|CI SUMMARY: A shift from nice-to-have to need-to-have assortment and retailing is a common thread across the U.S. and abroad. An interview with Nielsen’s top industry thought leaders reveals how shopping patterns across the world have been affected by the economic downturn, how consumer packaged goods manufacturers and retailers are coping and what lies ahead for the rest of 2009 and beyond.|
In what areas of the world, have you seen the most significant changes?
Jonathan Banks (JB): We have already seen a big reduction in shopping trips in European countries since the first quarter of 2008. In Australia, the convenience channel heavily depends on travel to gas stations and there is a strong correlation between gas prices and their store performance. Also Australia saw a faster than expected growth in the discounter channel due to the expansion of ALDI. They succeeded in marketing an offering that consumers perceive to be competitive with the supermarkets on both quality and price. Around the globe, discounter growth was highly correlated with the growth in store numbers, though we now see in some countries (e.g., United Kingdom, Germany and Netherlands) like-for-like growth moving ahead.
|Everything today has to do with value...|
Jean-Jacques Vandenheede (JJV): While the surrounding conditions in each market are different, everything today has to do with value. Consumers are flocking to good deals and they are taking advantage of the aggressive sales being offered. However, we have noticed a four to six month delay between the media hype and the resulting consumer behavior. Meaning this: it could get worse before it gets better. Since food is relatively recession resistant, consumers are mainly saving money by cutting back on non-essentials, such as perhaps only taking one holiday instead of two.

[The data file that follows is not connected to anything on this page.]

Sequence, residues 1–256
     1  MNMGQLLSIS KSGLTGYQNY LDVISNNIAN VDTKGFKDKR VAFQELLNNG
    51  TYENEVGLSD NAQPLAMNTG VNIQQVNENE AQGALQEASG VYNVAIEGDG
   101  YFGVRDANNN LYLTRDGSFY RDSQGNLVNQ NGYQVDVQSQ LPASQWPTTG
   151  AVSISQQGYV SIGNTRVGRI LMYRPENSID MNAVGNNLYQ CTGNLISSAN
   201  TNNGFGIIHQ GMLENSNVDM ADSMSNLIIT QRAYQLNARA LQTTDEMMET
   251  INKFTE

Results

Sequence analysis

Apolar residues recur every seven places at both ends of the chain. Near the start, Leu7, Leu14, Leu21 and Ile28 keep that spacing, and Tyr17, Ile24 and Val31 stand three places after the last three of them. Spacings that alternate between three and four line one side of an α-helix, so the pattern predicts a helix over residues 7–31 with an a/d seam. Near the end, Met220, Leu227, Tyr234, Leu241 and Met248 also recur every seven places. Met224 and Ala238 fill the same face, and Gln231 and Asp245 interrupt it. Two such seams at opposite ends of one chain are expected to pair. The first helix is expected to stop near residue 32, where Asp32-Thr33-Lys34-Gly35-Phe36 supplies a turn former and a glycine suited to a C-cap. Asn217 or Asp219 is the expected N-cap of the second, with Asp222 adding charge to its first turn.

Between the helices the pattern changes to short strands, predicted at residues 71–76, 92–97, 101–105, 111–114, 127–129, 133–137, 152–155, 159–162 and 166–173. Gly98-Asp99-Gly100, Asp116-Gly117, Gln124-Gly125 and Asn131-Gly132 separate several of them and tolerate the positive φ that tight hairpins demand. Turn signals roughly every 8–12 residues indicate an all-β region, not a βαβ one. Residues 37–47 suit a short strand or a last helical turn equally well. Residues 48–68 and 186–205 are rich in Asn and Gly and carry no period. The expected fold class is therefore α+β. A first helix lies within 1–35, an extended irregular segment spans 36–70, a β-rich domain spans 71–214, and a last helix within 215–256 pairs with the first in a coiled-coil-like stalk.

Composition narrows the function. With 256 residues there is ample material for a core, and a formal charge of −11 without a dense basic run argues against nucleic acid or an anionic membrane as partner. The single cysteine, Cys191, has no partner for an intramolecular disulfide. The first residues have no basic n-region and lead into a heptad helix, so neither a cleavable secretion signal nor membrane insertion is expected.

James Russo (JR): In the U.S., consumers have been preparing for a recession since the fourth quarter of 2007, according to a Nielsen Global Consumer Confidence survey. However, the most dramatic change in behavior aligns with the severe drop in economic and financial conditions that took place in September 2008. While there are areas of the U.S that are more affected than others, this recession—unlike some others in the past—is broad-based across all income groups. Lower-income households are feeling the pressure of the labor market, housing and credit restraints, and upper-income households are watching their net worth decline, which is most visible in their retirement pensions and housing.
|“If you can’t eat it, you don’t need it”...|
Todd Hale (TH): In the U.S. retailing market, the big surprise has been the severity of shifts from nice-to-have to need-to-have assortment and retailing. In 2008, sales results for discretionary retailers (those serving both high- and low-end consumers) saw their shopping trips and dollar sales plummet in 2008, and sales results for many food categories and food retailers were obviously much better. As a colleague succinctly put it, “if you can’t eat it, you don’t need it”.
What are retailers doing to cope in difficult economies?
JJV: Interestingly, retailers are grasping at basic block-and-tackling methods that place emphasis on resisting price increases, making concessions towards quality, focusing on promotion, investing in private label and negotiating with suppliers on margin increases.
|A development to watch is the utilization of Information Technology...|
JB: One of the most newsworthy events in the United Kingdom was the closure of the British icon Woolworths. While the economic pressures are affecting a spectrum of retailers, those poor-performing retailers—before the recession—are the ones struggling most. A development to watch is the utilization of Information Technology (IT). As IT continues to get less expensive and more effective, there will be opportunities for increased collaborative buying and sourcing. There is an opportunity to increase savings in times like this, and getting more with what you have is a good investment. Expect to see private label’s share advance more quickly in some categories, in some countries.